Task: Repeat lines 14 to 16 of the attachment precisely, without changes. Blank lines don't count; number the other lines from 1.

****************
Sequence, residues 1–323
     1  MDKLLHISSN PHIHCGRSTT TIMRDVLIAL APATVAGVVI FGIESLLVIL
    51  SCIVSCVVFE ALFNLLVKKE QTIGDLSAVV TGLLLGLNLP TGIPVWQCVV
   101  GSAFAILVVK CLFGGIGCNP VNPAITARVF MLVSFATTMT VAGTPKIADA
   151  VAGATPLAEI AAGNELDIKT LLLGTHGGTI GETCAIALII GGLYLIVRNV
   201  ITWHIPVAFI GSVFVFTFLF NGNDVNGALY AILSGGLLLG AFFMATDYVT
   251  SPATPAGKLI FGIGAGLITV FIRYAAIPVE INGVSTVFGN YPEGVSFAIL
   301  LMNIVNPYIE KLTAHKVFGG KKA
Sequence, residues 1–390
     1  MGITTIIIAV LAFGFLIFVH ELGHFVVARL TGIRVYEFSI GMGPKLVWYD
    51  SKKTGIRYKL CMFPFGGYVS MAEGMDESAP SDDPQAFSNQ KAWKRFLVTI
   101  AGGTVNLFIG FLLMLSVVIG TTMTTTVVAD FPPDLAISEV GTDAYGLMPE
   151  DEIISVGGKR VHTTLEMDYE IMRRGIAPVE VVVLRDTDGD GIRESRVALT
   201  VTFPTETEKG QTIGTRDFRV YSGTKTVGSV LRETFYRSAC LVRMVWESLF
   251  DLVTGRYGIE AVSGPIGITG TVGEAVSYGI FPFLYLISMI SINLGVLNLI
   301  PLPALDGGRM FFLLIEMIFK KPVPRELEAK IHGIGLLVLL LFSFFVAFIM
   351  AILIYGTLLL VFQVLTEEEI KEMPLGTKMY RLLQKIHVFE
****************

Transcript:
   201  VTFPTETEKG QTIGTRDFRV YSGTKTVGSV LRETFYRSAC LVRMVWESLF
   251  DLVTGRYGIE AVSGPIGITG TVGEAVSYGI FPFLYLISMI SINLGVLNLI
   301  PLPALDGGRM FFLLIEMIFK KPVPRELEAK IHGIGLLVLL LFSFFVAFIM